The Nerve of Foley

by | Oct 15, 1998

There had been rumors all winter that the engineers were going to strike. Certainly we of the operating department had warning enough. Yet in the railroad life there is always friction in some quarter; the railroad man sleeps like the soldier, with an ear alert – but just the same he sleeps, for with waking […]

There had been rumors all winter that the engineers were going to strike. Certainly we of the operating department had warning enough. Yet in the railroad life there is always friction in some quarter; the railroad man sleeps like the soldier, with an ear alert – but just the same he sleeps, for with waking comes duty.

Our engineers were good fellows. If they had faults, they were American faults – rashness, a liberality bordering on extravagance, and a headstrong, violent way of reaching conclusions-traits born of ability and self-confidence and developed by prosperity.

One of the best men we had on a locomotive was Andrew Cameron; at the same time he was one of the hardest to manage, because he was young and headstrong. Andy, a big, powerful fellow, ran opposite Felix Kennedy on the Flyer. The fast runs require young men. If you will notice, you will rarely see an old engineer on a fast passenger run; even a young man can stand only a few years of that kind of work. High speed on a locomotive is a question of nerve and endurance – to put it bluntly, a question of flesh and blood.

“You don’t think much of this strike, do you, Mr. Reed?” said Andy to me one night.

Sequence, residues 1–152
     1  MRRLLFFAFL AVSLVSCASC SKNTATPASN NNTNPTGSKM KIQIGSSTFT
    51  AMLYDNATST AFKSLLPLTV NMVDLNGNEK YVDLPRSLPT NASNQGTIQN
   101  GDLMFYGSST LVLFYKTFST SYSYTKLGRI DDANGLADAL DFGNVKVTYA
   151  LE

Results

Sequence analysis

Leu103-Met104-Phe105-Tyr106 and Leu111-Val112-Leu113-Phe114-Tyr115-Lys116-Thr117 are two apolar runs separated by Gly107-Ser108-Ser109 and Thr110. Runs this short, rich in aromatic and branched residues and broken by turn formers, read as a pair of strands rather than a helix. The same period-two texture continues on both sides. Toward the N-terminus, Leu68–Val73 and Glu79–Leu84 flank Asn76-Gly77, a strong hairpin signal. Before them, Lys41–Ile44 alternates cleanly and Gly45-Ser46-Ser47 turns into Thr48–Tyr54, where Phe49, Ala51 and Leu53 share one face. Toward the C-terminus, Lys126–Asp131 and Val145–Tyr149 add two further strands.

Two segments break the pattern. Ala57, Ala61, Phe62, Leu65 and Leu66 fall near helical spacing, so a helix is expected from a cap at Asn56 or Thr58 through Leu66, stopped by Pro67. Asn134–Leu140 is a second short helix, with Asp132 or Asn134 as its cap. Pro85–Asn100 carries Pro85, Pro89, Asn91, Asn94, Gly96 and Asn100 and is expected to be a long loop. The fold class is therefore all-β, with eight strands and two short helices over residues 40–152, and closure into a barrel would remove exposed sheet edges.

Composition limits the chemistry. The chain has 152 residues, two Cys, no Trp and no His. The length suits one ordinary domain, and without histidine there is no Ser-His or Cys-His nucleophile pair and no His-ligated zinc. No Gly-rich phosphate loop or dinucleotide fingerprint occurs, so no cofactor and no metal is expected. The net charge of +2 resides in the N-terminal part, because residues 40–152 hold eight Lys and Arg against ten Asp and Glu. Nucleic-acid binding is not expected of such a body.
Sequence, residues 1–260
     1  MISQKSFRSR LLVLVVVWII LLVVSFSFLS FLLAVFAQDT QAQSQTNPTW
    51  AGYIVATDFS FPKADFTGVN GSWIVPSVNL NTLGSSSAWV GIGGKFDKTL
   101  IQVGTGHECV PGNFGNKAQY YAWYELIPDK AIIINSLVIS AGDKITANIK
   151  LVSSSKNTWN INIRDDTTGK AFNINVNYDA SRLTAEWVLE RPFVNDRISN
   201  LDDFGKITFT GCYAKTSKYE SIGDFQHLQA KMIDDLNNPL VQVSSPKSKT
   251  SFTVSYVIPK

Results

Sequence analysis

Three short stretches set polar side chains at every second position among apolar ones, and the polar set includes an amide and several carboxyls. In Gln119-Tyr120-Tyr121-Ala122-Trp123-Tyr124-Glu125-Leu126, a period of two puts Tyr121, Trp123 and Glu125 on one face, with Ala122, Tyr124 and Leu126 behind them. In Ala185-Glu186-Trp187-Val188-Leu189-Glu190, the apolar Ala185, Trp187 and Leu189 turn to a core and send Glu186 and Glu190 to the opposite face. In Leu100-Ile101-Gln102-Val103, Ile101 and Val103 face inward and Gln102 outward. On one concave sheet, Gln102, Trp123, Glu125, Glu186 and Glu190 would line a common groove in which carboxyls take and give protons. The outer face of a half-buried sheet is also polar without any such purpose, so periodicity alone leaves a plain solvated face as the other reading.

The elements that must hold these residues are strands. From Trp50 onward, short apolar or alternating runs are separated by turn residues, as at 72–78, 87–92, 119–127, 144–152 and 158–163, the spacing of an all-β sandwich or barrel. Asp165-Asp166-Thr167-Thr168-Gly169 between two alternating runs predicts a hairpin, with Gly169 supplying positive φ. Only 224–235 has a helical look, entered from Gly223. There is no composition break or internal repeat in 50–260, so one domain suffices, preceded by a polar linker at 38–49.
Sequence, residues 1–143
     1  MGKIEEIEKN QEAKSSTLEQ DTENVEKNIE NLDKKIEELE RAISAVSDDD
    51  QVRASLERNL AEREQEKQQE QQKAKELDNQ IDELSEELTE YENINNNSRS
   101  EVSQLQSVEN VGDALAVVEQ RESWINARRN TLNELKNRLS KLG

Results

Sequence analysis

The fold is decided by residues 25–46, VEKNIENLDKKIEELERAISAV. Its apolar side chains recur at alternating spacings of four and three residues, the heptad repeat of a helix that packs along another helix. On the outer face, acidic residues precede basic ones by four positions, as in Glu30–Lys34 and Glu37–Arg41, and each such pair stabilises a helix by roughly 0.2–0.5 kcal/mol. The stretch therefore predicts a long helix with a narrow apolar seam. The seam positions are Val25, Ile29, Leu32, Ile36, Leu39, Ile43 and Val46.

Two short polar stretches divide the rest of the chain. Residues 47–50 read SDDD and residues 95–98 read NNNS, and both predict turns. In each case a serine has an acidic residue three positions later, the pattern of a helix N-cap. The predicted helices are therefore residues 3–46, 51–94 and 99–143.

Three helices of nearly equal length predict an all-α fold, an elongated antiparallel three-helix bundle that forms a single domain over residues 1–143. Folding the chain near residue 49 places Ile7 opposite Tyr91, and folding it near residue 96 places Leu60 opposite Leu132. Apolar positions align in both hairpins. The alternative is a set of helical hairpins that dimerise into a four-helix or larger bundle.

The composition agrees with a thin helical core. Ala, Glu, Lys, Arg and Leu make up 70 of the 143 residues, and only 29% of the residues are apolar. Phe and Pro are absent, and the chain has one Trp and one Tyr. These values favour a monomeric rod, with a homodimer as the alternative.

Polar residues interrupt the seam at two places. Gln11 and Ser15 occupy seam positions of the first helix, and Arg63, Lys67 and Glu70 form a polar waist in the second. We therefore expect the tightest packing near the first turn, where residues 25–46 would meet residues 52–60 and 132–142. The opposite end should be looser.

” Don’t think there’s going to be any, Andy.”

He laughed knowingly.

“What actual grievance have the boys?” I asked.

“The trouble’s on the East End,” he replied, evasively.

“Is that any reason for calling a thousand men out on this end?”

” If one goes out, they all go.”

“Would you go out?”

“Would I? You bet!”

“A man with a home and a wife and a baby boy like yours ought to have more sense.”

Getting up to leave, he laughed again confidently. ” That’s all right. We’ll bring you fellows to terms.”

” Maybe,” I retorted, as he closed the door. But I hadn’t the slightest idea they would begin the attempt that night. I was at home and sound asleep when the caller tapped on my window. I threw up the sash; it was pouring rain and dark as a pocket.

” What is it, Barney? A wreck?” I exclaimed.

“Worse than that. Everything’s tied up.”

“What do you mean?”

“The engineers have struck.”

“Struck? What time is it?”

“Half-past three. They went out at three o’clock.” Throwing on my clothes, I floundered behind Barney’s lantern to the depot. The superintendent was already in his office talking to the master-mechanic.